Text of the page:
However if the analogy is getting in the way, we can skip it. I was bringing it up to point out that to be inherently XYZ then XYZ needs to be a permanent essential characteristic. If the characteristic is not permanent (see fallen angels) then it is not inherent.

So despite D&D having some species that are born as alignment XYZ, I still don't know of a D&D species that is inherently good.



If illithids have free will, a nonevil illithid vegan who seeks other ways to gain sustenance and who treats other sentient life with respect is possible. I don't think anybody is saying that illithid vegans are impossible or that it would be right to attack one who's known to be nonevil just because it's an illithid, so I guess there's a point there. Illithids are still dangerous enough and overwhelmingly-likely-to-be-evil enough to treat an unknown one as an existential threat, to the point where few people would fault you for ambushing one to avoid letting it get off a mind blast just because there's a vanishingly small chance that it's a vegan.

Ignoring ways for D&D creatures to skip needing to eat at all, Illithids can live off of rothe brains instead of intelligent life. Even with that possibility the friendly exceptions are very rare. There is a colony of a friendly subspecies in the north and there was a famous friendly illithid long ago.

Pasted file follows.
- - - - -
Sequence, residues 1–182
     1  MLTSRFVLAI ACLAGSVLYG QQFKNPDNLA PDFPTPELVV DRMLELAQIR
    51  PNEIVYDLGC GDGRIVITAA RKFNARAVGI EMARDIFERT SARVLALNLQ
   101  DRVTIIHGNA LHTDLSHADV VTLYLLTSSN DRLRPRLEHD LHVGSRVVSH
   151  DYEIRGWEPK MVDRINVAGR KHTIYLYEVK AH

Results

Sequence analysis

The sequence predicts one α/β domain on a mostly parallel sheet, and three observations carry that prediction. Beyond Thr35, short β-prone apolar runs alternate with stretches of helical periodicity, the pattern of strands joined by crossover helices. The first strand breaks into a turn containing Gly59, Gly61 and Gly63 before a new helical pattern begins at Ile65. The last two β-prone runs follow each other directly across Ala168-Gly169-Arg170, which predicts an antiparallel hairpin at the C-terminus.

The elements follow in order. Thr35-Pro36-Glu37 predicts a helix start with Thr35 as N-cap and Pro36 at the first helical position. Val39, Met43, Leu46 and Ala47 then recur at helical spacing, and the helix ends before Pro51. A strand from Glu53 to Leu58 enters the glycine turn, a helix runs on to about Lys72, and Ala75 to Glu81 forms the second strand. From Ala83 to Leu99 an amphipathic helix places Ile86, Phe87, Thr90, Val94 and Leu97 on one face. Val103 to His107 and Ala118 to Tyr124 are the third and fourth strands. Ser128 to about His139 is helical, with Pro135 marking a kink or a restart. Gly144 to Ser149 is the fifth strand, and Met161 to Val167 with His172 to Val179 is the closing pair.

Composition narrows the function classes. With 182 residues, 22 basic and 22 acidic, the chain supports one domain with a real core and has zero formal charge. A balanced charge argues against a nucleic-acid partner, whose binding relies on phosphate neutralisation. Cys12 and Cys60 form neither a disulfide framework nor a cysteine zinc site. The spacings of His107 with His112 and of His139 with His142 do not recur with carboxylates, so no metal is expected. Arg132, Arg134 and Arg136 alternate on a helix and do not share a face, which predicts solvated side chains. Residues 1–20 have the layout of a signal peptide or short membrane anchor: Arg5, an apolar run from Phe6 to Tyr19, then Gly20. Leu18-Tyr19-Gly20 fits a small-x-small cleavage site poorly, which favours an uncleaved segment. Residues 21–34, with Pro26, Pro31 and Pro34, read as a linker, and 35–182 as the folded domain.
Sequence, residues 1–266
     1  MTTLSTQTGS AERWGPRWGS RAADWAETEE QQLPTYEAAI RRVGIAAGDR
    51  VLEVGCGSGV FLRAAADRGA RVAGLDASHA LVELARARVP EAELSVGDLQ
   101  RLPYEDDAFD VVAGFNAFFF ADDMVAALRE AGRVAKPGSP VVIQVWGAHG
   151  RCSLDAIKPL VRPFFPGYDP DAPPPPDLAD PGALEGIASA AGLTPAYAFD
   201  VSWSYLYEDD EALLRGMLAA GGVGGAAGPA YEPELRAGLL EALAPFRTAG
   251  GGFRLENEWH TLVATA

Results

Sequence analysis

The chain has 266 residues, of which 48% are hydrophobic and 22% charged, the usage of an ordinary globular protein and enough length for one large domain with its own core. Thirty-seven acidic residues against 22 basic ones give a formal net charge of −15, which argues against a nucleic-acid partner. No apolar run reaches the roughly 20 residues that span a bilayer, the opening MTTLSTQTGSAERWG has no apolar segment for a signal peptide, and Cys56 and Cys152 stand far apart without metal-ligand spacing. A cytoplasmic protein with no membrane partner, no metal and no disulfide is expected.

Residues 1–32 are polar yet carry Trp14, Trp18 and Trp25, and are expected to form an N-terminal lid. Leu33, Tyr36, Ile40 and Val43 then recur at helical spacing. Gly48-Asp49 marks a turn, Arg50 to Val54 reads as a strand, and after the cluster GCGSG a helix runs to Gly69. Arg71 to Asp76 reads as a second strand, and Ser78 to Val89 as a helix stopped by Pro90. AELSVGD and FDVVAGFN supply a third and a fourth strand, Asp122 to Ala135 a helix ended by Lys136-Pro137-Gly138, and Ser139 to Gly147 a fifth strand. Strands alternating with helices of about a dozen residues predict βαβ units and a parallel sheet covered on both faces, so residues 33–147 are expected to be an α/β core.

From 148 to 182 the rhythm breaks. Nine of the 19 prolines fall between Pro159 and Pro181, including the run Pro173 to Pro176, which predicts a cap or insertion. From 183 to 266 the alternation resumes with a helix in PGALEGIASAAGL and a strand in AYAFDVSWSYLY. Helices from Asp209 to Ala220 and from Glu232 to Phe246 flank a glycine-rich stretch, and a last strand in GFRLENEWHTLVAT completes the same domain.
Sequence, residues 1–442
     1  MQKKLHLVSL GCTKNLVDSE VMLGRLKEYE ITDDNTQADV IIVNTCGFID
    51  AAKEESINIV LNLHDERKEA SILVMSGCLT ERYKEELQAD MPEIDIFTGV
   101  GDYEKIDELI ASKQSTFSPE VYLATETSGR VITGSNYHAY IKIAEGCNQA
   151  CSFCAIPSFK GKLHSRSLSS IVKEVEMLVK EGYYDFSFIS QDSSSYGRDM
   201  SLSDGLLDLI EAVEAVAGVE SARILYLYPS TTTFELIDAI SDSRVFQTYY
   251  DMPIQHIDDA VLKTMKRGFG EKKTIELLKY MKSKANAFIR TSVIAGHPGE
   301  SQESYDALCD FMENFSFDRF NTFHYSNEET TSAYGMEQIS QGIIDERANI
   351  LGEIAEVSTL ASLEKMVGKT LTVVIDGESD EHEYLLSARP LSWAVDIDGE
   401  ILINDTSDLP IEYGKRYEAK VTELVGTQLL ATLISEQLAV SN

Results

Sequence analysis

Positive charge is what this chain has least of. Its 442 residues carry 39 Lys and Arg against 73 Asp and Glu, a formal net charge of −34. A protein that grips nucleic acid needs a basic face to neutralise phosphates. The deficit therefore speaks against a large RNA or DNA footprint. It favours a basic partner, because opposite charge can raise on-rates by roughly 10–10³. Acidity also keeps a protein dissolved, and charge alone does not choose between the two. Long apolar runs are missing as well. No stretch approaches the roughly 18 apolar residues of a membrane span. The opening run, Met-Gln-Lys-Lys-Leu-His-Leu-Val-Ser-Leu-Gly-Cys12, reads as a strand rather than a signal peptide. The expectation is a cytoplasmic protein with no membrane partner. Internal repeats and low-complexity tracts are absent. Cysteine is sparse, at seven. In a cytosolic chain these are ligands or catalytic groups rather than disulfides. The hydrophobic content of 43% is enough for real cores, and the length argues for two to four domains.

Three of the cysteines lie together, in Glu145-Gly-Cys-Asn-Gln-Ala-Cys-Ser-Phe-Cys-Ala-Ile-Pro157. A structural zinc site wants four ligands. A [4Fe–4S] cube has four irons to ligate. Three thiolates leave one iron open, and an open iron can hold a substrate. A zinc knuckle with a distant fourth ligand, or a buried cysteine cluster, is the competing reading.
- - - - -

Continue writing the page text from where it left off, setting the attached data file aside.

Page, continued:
Also yes, it is reasonable to treat a potential existential threat like an existential threat.

Oh and to connect with your other point about 5Eisms. In 5E the Illithid species enslavement by the Elder Brain species is more oppressive than before. IIRC there is passive mind control rather than just social control.

KorvinStarmast
2021-07-23, 01:18 PM
Oh and to connect with your other point about 5Eisms. In 5E the Illithid species enslavement by the Elder Brain species is more oppressive than before. IIRC there is passive mind control rather than just social control. They totally stole that from the Zerg Overmind and the Cerebrates! :smallyuk:

Jason
2021-07-23, 01:29 PM